ONE Wollongbar man has taken the decline of kookaburras into his own hands by installing a nesting box in a tree near his home.
In their spare time, Jakob Pfaeffli and his wife love to play their part in protecting the laughing kookaburra.
"We had a box in our backyard in Lismore and we raised about 15 kookaburras over 10 years or so," Mr Pfaeffli said.
"It's good fun to watch them."
Mr Pfaeffli hopes to see kookaburra numbers improve.
"Kookaburras are in decline ... they've declined about 40% along the east coast and they think it's because of habitat loss," he said.
"This was a green paddock five years ago ... they nest in hollow logs in trees so if you cut down trees there's less and less chance for them to do it."
Mr Pfaeffli and Tree Lopper Pete Bedford installed the nesting box on Wednesday with the aim of attracting a kookaburra pair.
"I think they'll be onto it pretty quick," Mr Pfaeffli said.
"It's about the start of their laying season, so it might just be right for them to lay eggs."
Jan Olley from Byron Bird Buddies said there are steps the community can take to help the bird's population.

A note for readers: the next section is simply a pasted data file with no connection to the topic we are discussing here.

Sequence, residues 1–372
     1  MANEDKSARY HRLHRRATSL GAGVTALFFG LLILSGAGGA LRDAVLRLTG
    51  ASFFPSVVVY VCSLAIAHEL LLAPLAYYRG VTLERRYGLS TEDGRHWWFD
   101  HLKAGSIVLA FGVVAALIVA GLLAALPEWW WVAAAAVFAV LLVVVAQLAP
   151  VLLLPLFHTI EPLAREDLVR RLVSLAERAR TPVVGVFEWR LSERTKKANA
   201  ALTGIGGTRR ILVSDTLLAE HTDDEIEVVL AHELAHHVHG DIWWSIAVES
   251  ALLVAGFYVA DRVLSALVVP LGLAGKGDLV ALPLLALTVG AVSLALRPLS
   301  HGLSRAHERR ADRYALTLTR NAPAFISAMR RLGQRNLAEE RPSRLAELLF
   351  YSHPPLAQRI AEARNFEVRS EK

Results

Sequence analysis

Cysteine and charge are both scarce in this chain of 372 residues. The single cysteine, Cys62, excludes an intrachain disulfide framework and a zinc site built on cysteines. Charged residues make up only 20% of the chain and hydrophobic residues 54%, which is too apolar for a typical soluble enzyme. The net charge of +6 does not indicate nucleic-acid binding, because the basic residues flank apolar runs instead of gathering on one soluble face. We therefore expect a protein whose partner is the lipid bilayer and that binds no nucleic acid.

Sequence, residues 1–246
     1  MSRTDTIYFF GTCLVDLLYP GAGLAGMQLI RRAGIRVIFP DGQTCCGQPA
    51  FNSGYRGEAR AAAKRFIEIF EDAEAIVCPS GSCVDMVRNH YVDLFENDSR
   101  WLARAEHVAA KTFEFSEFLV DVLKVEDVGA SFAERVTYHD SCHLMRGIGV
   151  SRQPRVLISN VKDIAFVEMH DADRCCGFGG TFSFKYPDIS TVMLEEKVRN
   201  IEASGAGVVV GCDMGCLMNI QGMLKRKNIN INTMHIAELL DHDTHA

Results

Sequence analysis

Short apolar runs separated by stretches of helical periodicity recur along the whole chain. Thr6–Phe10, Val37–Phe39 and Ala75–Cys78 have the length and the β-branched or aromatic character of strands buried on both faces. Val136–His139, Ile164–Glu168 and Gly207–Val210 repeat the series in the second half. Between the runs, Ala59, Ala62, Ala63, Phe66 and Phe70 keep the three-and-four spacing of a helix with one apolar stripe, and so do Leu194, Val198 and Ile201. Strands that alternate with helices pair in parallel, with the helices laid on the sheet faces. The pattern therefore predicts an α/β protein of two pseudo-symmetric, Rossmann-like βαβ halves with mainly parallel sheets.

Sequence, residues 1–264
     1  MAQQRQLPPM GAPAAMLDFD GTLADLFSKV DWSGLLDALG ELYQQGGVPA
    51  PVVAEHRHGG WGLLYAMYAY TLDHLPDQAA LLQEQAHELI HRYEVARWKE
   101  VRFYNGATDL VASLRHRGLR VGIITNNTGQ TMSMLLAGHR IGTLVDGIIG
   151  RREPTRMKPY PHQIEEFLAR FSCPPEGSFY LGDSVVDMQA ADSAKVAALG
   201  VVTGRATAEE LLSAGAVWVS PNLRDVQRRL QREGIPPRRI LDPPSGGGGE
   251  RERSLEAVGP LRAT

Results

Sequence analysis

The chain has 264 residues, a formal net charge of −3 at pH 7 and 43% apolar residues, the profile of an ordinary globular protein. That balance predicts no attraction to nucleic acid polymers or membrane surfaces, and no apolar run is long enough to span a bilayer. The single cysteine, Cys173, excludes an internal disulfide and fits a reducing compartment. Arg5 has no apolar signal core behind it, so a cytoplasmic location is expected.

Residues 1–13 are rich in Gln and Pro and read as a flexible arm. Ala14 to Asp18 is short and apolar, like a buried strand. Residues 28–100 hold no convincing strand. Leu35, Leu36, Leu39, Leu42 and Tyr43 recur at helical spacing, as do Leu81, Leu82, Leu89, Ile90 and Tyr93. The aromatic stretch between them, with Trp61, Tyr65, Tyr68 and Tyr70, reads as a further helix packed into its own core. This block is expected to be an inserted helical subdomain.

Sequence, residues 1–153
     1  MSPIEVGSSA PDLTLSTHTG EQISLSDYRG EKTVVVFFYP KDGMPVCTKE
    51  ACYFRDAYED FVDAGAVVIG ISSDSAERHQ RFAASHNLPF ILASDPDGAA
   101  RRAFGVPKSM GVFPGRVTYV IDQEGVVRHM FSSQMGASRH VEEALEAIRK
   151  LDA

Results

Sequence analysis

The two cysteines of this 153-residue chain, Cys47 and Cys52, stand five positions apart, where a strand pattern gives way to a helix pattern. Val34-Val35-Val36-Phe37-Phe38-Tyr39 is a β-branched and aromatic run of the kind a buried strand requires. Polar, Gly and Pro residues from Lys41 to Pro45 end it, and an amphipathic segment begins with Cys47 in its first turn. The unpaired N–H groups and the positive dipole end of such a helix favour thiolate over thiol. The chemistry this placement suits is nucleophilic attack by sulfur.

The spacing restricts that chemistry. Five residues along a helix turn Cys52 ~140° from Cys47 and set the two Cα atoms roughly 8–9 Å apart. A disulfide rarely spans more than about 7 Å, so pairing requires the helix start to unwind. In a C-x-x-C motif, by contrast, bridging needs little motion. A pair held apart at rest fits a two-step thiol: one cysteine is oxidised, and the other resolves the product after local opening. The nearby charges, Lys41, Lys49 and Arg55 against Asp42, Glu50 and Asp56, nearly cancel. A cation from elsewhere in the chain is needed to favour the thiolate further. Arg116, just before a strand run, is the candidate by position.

"People can help by identifying trees in their properties that kookaburras would nest in," she said.
"A lot of them nest in old ant nests in gum trees, or in hollows, so if you have those on your property they need to be conserved."
She also said to avoid using poisons to get rid of rats and insects in order to avoid a kookaburra ingesting the poisoned pest as a meal.
DID YOU KNOW ...
- Kookaburras are loyal to their family and will have only one partner in their lifetime.
- They laugh to keep other kookaburras out of their territory.
- Kookaburras rarely drink because they get most of their moisture from the blood of their prey.
SOURCE: WIRES Northern Rivers